Working from home because of the Covid-19 pandemic

This is the middle of my 4th week of working from home as part of the social distancing process that most of the world has put into place because of the Covid-19 (actually called SARS-CoV-2, I think) pandemic. This is a corona virus that has been taking the world by storm the last month or so. It seems to have started in China last year, and has progressed to the point of being a world wide pandemic in the last couple of months.

This isn’t something I ever actually thought would happen in my life time, thought it was obviously always a possibility, and one that I’d considered on at least a couple of occasions over the years. Because everyone is staying home and away from people as much as possible to avoid catching the virus, and to avoid spreading it, the economy of many countries has tanked. Certainly many industries are suffering: retail, tourism, and hospitality being the obvious ones. But this thing has impacted pretty much all aspects of life from most of the world.

We’re pretty lucky so far here in Australia, as we’ve only had roughly 6,500 confirmed cases of Covid-19 so far, and 63 deaths at this point in time. It looks like we managed to isolate quick enough to avoid large scale and rapid community spread, but it will no doubt be on ongoing thing for several months at least. Some countries have been hit pretty hard. Here are some numbers:

Countries and territories Cases Deaths Recovered
United States 614,180 26,061 9,857
Spain 177,633 18,579 70,853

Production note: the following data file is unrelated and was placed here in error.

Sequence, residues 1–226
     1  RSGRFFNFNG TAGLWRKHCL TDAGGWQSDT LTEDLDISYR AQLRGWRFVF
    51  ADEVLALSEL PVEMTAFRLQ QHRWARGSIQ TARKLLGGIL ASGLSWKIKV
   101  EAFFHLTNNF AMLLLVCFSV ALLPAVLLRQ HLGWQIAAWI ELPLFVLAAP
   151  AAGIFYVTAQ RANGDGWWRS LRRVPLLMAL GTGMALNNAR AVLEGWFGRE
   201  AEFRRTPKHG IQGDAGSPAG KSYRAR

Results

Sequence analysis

Italy 162,488 21,067 37,130
Germany 132,210 3,495 62,027
France 103,573 15,729 28,805
United Kingdom 93,873 12,107
China (mainland) 82,295 3,342 77,816

As you can see, Australia has been pretty lucky. New York city has been hit pretty hard. Not surprising given how many people live in such close proximity there. I believe the world wide death toll is over 100,000 at this point.

Personally, things haven’t been too bad. We switch to working from home on the 24th of March, which has gone surprisingly smoothly. It has its inconveniences, but it’s very doable and we’re lucky to be be so minimally impacted compared to those who’ve lost there jobs. In the U.S. there were something like 6.6 million people out of work in the space of a couple of weeks, or something like that.

So for now we just continue to isolate out selves and keep our distance from others while we wait for this thing to allow a return to some level of normalcy. That is likely months away, however, and I suspect that in a number of ways, both obvious and not, this modern day global pandemic is going to cause some permanent changes in the world.

Craig Reynolds @wyldphyre